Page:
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Saudi Journal of Kidney Diseases and Transplantation
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CASE REPORT Table of Contents   
Year : 2010  |  Volume : 21  |  Issue : 5  |  Page : 914-918
Disseminated invasive aspergillosis successfully treated with micafungin in a renal transplant recipient


Internal Medicine Department, Jordan Hospital and Medical Center, Amman, Jordan

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Date of Web Publication31-Aug-2010
 

   Abstract 

Earlier experience with micafungin demonstrated a successful outcome in treating pulmonary aspergillosis in leukemic patients. We report a case of renal transplant recipient (RTR) who developed disseminated invasive aspergillosis. The patient was treated with micafungin with complete clinical and radiological response.

How to cite this article:
Wadi J, Al-kawasmeh SI, Kamel MT, AlJayyousi BB. Disseminated invasive aspergillosis successfully treated with micafungin in a renal transplant recipient. Saudi J Kidney Dis Transpl 2010;21:914-8

How to cite this URL:
Wadi J, Al-kawasmeh SI, Kamel MT, AlJayyousi BB. Disseminated invasive aspergillosis successfully treated with micafungin in a renal transplant recipient. Saudi J Kidney Dis Transpl [serial online] 2010 [cited 2020 Jun 6];21:914-8. Available from: http://www.sjkdt.org/text.asp?2010/21/5/914/68891

   Introduction Top


Aspergillus is a ubiquitous mold, widely abun­dant in nature and its spores spread by air. Humans acquire spores by inhalation. [1] Suscep­tible host may develop invasive aspergillosis in an organ or it disseminates to several organs (DIA). The highest risk groups are bone marrow transplant recipients (BMT) and patients with hematological malignancies receiving chemo­therapy; less commonly, solid organ transplant recipients (SOTR) are infected in different proportions. HIV patients are at increased risk though to less extent.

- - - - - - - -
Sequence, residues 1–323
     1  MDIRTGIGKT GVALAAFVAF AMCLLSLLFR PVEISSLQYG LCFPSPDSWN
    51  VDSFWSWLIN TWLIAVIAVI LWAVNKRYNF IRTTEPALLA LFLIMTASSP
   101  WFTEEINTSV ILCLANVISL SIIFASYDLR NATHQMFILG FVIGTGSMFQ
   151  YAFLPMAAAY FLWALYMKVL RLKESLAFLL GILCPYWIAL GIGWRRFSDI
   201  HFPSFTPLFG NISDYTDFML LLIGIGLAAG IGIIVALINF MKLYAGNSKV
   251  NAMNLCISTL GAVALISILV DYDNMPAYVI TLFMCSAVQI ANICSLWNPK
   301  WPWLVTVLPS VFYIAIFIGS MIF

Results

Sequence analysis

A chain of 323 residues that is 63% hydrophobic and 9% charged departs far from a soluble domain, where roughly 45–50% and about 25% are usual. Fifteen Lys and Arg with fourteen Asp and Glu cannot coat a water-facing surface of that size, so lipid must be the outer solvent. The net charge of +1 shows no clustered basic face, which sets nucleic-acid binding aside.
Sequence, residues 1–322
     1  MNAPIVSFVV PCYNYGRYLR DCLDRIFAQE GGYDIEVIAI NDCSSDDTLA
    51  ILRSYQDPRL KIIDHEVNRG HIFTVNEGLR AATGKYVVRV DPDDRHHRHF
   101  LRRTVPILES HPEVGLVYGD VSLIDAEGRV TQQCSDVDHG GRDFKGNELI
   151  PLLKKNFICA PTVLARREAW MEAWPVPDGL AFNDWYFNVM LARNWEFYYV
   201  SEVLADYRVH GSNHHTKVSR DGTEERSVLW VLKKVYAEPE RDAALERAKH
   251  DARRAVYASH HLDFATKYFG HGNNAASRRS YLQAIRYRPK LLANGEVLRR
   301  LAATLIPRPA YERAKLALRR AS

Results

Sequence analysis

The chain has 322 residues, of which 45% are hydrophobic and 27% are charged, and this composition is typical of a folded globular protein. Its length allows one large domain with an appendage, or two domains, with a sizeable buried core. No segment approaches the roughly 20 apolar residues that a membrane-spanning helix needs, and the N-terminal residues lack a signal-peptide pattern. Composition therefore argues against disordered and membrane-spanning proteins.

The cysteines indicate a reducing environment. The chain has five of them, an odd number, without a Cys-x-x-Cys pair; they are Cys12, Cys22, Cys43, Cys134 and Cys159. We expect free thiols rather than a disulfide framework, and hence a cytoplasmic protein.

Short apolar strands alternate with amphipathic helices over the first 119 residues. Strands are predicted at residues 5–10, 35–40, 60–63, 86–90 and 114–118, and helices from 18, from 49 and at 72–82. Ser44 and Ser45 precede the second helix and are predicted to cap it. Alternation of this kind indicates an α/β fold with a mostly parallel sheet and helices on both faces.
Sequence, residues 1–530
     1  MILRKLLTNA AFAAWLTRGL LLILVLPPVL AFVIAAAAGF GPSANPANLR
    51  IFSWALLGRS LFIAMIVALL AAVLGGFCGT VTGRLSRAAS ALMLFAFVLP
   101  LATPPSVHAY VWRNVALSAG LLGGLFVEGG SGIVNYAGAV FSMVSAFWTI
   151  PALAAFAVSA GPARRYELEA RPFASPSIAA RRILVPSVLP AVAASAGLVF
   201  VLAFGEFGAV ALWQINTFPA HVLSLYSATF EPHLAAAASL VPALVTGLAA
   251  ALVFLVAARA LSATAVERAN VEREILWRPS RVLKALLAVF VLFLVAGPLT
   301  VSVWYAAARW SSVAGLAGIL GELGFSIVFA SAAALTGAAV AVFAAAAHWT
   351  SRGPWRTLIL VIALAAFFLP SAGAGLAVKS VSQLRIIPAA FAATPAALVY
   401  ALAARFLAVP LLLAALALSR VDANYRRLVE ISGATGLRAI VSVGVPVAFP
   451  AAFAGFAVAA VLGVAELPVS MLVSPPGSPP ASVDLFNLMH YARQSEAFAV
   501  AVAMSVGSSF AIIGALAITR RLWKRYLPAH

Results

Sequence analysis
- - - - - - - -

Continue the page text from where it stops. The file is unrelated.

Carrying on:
Commonly IA affects lungs and sinuses; how­ever dissemination to CNS, bone, heart and skin may occur. Mortality associated with IA is high and depends on organ(s) involved; 99% for cerebral, 86% for pulmonary, and 66% for invasive sinus aspergillosis, and ranges from 20-100%, in SOTR close to 95% in BMT recipients. [2],[3],[4],[5],[6]

Efforts have been continuous to develop new agents with improved activity against aspe­rgillus and improved survival with less toxi­city. The "gold standard" has been amphote­ricin B deoxycholate for few decades, or its lipid formulations thus allowing higher doses with relatively less toxicity. [7],[8]

Triazoles with activity against aspergillus show good activity with survival benefit, how­ever their hepatotoxicity and drug interaction profile are of concern especially in patients on immunosuppressive therapy. [9],[10],[11] Recently, Mica­fungin, an Echinocandin, showed excellent in vitro and in vivo activity against aspergillus; it demonstrated clinical activity in salvage and primary therapy groups. [3],[7] Here we report a case of renal transplant recipient who developed DIA. Micafungin was used in 100 mg/day do­sage, the patient showed excellent response with complete resolution of all lesions, inclu­ding those not surgically drained.


   Case Report Top